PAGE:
What to Know
- Gov. Cuomo began 2019 and his third term with the inaugural address on Ellis Island, saying "America's only threat is from within"
- Cuomo said that within the first 100 days of his new term, he will propose "the most progressive agenda this state has ever seen, period"
- Cuomo has listed legalizing recreational marijuana, codifying abortion rights and fixing New York City's subways as priorities for 2019
Sounding like the presidential candidate he insists he is not, Gov. Andrew Cuomo unleashed an energetic attack against President Donald Trump's policies Tuesday, pledging New York will lead the nation forward with the most progressive agenda in state history.
The Democrat began 2019 and his third term with the inaugural address on Ellis Island, saying "America's only threat is from within."
Cuomo said that within the first 100 days of his new term, he will propose "the most progressive agenda this state has ever seen, period."
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"We will make history and New York will move forward, not by building a wall, my friends, but by building new bridges," he said, apparently making a reference to the political fight over a wall on the Mexican border.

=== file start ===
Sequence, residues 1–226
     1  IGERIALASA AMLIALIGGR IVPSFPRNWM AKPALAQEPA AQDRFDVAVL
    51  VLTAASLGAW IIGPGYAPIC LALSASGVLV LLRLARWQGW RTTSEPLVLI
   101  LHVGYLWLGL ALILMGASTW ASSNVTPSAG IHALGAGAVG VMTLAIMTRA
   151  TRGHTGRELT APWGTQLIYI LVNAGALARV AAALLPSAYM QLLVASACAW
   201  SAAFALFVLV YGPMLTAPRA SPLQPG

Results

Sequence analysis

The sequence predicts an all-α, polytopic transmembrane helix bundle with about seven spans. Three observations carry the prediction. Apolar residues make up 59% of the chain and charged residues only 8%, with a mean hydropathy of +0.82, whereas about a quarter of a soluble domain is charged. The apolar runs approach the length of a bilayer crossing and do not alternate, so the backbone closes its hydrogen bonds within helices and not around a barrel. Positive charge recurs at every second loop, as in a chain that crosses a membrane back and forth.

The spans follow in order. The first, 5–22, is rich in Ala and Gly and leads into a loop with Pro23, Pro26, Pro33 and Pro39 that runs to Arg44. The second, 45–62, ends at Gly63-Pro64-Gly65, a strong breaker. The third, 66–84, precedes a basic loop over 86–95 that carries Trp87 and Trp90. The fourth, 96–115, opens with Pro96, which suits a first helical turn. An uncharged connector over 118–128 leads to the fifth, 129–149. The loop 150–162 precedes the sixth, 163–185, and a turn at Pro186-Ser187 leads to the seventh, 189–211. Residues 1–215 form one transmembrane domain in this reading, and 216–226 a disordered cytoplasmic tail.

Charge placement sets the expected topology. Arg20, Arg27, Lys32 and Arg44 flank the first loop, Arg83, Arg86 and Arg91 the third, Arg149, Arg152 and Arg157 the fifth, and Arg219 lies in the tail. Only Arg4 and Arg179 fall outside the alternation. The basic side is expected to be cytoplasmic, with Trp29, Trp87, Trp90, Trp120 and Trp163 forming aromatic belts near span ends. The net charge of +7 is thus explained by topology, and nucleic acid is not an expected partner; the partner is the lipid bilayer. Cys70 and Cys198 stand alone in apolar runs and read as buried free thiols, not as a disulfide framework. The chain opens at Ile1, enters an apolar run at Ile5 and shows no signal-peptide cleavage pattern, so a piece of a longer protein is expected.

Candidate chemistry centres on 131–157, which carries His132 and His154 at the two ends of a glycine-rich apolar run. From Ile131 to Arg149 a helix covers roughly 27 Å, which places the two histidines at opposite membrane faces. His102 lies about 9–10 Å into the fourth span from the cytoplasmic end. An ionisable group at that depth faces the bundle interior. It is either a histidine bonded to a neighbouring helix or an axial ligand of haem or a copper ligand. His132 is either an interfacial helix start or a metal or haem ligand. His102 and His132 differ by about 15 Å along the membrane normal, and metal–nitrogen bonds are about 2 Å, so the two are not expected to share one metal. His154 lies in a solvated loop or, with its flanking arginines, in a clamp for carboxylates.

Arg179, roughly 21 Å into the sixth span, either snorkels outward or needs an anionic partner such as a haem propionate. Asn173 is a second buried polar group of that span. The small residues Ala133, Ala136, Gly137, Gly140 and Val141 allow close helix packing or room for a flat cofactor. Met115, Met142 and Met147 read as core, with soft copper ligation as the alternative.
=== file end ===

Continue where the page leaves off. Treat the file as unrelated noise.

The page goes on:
He faulted the federal government, saying politicians had exploited fear and frustration that many Americans feel to deepen divisions among the population "for their own political purpose." He said some of the nation's leaders had demonized diversity to "make our differences our greatest weakness instead of our greatest strength."
He made clear that he chose to deliver the nearly 30-minute speech from a famous landmark linked to immigration that remains open, along with the nearby Statue of Liberty, despite a partial federal government shutdown because of money supplied by the state.
"They will never close our harbor. They will never close our hearts," Cuomo said.
Ellis Island was the nation's busiest immigration station for decades, welcoming millions of immigrants from around the world. Cuomo calls it an "enduring symbol" of America's core values of hope and opportunity.
With the battle over immigration policy raging nationwide, the speech's location is likely to encourage speculation that Cuomo may run for president, though the 61-year-old has said he has ruled out the idea.
He became emotional as he recalled that his father, a former New York governor who also rejected those who urged him to run for president, died on inauguration day four years earlier, but he said he knows that Mario Cuomo's "spirit lives."
"I can hear his voice and I can imagine his pain and anger if he could see his beloved country today," the son said.
Cuomo won re-election last fall. He has listed legalizing recreational marijuana, codifying abortion rights and fixing New York City's subways as three priorities for the new year.